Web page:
“You don’t ask me to feed you, or tidy the swamp, or iron shirts and I get fresh flowers all year round…”
Both of these individuals are just that, individuals. They have their own lives and they come together out of love, real love, not expectation. Moore’s vision of Swamp Thing and Abby is truly one of comicdom’s most endearing and inspiring “human” relationships.
But then, we slam back to suburbia, to see Phoebe hosting a dinner party for her braying husband and bourgeoisie friends, their callous comments about femininity, their mocking contempt for the native lodge that once stood on the property where their cookie-cutter home now stands, grinding Pheobe’s already culturally and now supernaturally affected state into a bloody paste.
And those dashes of red are forming eyes, a toothy mouth.
Something is gestating. Something wants release. Something is about to break.
Swamp Thing – who is really just a supporting character here, a witness – senses this, senses “a dark energy, like my own…” and begins the trek to investigate the forces that will soon both liberate and decimate Pheobe.
Suddenly, the rage of centuries, of femininity crushed by whatever insidious coiled terror and need for control taints masculinity, erupts from this woman, her drooling mouth opening and a fanged maw vomiting forth. A monstrous she-wolf emerges, red-eyed and muscled, ready to tear her quivering mate apart, a man who only moments before demanded his wife prepare dinner.
Now, it’s he who just might prepare her dinner, with minimum effort and maximum poetic justice.
And as the Pheobe-creature rampages into the night, blindly tearing down the tokens of her oppression, Swamp Thing finds her and tries to help. The tragedy of the tale is that it might be too late for her…for all of us.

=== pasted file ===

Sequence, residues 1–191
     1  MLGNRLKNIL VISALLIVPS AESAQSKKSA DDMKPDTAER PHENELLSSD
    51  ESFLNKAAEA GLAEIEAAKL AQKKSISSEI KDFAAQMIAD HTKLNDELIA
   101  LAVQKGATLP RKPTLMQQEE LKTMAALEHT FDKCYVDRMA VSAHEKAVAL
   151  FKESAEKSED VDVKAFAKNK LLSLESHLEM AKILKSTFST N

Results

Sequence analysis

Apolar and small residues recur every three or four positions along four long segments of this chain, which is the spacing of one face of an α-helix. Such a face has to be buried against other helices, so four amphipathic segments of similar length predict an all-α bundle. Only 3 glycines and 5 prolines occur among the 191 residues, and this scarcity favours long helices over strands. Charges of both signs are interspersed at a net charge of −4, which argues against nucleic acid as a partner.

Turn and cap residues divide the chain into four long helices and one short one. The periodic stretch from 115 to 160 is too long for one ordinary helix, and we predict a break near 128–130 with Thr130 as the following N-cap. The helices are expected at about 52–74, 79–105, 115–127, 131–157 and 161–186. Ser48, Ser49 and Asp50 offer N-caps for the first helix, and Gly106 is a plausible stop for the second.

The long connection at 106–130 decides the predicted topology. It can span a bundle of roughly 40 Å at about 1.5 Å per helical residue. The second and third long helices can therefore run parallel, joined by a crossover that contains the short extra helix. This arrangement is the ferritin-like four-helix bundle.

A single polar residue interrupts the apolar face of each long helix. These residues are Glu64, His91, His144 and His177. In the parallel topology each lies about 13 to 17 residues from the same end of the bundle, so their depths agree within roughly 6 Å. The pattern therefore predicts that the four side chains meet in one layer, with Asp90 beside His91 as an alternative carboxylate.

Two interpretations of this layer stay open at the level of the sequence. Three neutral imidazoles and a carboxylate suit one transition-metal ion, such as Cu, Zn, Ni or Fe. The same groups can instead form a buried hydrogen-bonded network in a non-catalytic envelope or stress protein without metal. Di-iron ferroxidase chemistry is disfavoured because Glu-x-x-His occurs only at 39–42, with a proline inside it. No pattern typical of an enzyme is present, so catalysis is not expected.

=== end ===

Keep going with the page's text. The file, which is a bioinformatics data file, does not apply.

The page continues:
Yes, “The Curse” is ostensibly a werewolf story and one of the most powerful ever penned, realized with fury and beauty and packing a hard punch to the gut and mind. The previous year, we had seen Neil Jordan’s Angela Carter-written, similarly feminist werewolf fantasy THE COMPANY OF WOLVES and here, Bissette seemingly borrows that transformation (seen famously on that film’s poster) for Pheobe’s transformation.
However, as Bissette told me:
“We cooked up that “different” werewolf transformation, and no sooner than I’d penciled it from Alan’s script than I saw the first photos and an ad for THE COMPANY OF WOLVESand FUUUCCCCKKK! There was our “clever different” transformation notion, RIGHT ON THE AD for that film! Ah, fuckadoodle…”
But regardless, it’s so much more potent here, with the metaphor for menstruation and the way society isolates women for what is their very essence, their beauty, the very alchemy of life, giving birth to an unspeakable and vengeful horror. Years later, the Canadian werewolf film GINGER SNAPS would get the credit for linking ovulation to lycanthropy, but make no mistake, Moore got there first, delivering a deadly serious allegory, graphic and frightening and adult and overwhelmingly sad, hiding in the confines of what was sold as a children’s entertainment.
Imagine a 10 year old boy discovering this in 1985, a less enlightened age. The visceral and intellectual impact on my cannot be overstated. It shone a light on the female condition, suddenly made me instantly empathetic and made me acutely aware of the mass-marketing of shame and silliness that women have been slave to for so very, very long. That it took a werewolf and a melancholy swamp mutant to teach me such things says much about the educational system, I think; of how we as people and seekers of truth will find that truth where we find it, as opposed to having it shoved down our throats for societal approval, regurgitating knowledge in exchange for a grade as opposed to truly assimilating and being affected by that knowledge.
I found truth in SWAMP THING #40.
I still do.
I urge you to seek it out…